But these are the Tigers, who have demonstrated a willingness to do everything possible to win a title.
Does that include taking on an onerous contract for a power closer with October experience?
We’ll see. The Phillies would have to decide to do some re-tooling before that ever happened; maybe they would see value in moving Papelbon at a time when it’s a seller’s market among relievers.
Now that would make for an interesting summer in Detroit.
The once-stellar San Francisco Giants starting pitching rotation has seen its share of struggles in the 2013 season.
A fractured hand suffered by Ryan Vogelsong came on the heels of an inauspicious start—a 2-4 record and 7.19 ERA in nine starts.
Barry Zito is pretty much a disaster when pitching away from AT&T Park. And Tim Lincecum continues his up-and-down performance as well, now with a 4-6 record and 4.70 ERA in 13 starts.
Danny Knobler of CBSSports.com reported on Wednesday that the Giants would be in the market for starting pitching for the first time in years.
Locked in second place behind the Arizona Diamondbacks, the Giants would certainly be well-served by adding a quality arm. And according to Knobler, they won't accept anything less.
"Anybody that's trading pitching, they're on," a baseball official told Knobler. "They want somebody quality."
With their 4.79 ERA, Giants starters are currently third-worst in the National League.
The Boston Red Sox could certainly be classified as a surprise team this year, considering their 69-93 finish last season.
Leading the AL East by 2.5 games, the Red Sox have gotten tremendous efforts from Clay Buchholz, David Ortiz, Dustin Pedroia, Daniel Nava and others in reversing last year's misery.
They're also one of the few teams that can take on added payroll and not be strapped in the process.
A starter could be in play for the Sox, especially with Felix Doubront continuing to struggle after another shaky outing on Thursday against the Baltimore Orioles (four runs and seven hits in 4.2 innings, raising his ERA to 4.91).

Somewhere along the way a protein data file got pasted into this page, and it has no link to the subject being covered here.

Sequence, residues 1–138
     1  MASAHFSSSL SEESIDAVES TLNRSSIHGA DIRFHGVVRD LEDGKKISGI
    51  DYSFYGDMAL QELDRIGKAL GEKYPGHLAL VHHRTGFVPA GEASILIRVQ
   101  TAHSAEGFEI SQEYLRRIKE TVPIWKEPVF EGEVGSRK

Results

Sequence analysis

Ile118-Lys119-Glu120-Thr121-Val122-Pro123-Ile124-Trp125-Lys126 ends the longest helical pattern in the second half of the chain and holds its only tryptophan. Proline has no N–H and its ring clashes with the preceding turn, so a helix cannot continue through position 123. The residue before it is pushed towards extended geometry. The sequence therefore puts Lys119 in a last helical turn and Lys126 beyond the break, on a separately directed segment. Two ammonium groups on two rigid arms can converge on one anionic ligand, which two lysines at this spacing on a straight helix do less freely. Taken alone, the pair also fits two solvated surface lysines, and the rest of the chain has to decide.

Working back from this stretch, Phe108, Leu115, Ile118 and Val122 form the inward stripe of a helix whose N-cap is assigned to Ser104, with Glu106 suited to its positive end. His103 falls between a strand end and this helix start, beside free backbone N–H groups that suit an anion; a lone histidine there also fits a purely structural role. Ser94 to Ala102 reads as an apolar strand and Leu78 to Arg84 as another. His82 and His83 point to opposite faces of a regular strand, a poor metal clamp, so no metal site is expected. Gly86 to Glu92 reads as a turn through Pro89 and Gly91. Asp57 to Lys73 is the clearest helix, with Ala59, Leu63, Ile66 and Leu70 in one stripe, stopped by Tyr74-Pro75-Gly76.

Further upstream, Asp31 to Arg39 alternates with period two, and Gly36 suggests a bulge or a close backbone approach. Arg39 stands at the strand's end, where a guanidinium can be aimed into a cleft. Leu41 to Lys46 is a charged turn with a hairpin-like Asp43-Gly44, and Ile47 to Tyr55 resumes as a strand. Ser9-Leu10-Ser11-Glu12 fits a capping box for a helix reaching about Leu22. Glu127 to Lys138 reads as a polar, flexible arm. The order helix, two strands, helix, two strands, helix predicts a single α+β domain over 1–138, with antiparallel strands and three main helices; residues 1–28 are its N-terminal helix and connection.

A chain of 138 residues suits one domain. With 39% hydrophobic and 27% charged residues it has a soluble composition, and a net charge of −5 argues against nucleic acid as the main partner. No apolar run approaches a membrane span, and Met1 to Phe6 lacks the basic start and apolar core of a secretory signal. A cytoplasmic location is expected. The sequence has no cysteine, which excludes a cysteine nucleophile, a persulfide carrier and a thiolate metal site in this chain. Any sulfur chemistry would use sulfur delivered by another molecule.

Manager John Farrell has gotten by with replacement spot starters such as Alfredo Aceves, Allen Webster and Franklin Morales. But another solid veteran arm would go a long way toward putting the Red Sox back in the postseason for the first time in four years.
Come on now—do you honestly think the New York Yankees will be standing pat at the trade deadline if they're in striking distance?
The Yankees are struggling offensively right now, collecting just one home run in their last six games. In their 18-inning loss to the Oakland Athletics on Thursday, Mark Teixeira, Travis Hafner, Kevin Youkilis and Vernon Wells combined to go 0-for-28 with 12 strikeouts.
Wells and Hafner, largely credited with helping the Yankees thrive early on despite key injuries, have gone stone cold since April. Youkilis is hitting just .146 since returning from the disabled list on May 30.
In addition, Jayson Stark of ESPN.com lists the Yankees as one of the teams most interested in the services of Miami Marlins pitcher Ricky Nolasco. Nolasco is making $11.5 million this year before he becomes a free agent.
While the Yankees won't go crazy in spending money to acquire talent—they already have baseball's highest payroll at some $228 million—they won't stand pat if they have the chance to acquire someone who can help them right now.
Doug Mead is a featured columnist with Bleacher Report. His work has been featured in the Seattle Post-Intelligencer, SF Gate, CBS Sports, the Los Angeles Times and the Houston Chronicle.
Feel free to talk baseball with Doug anytime on Twitter.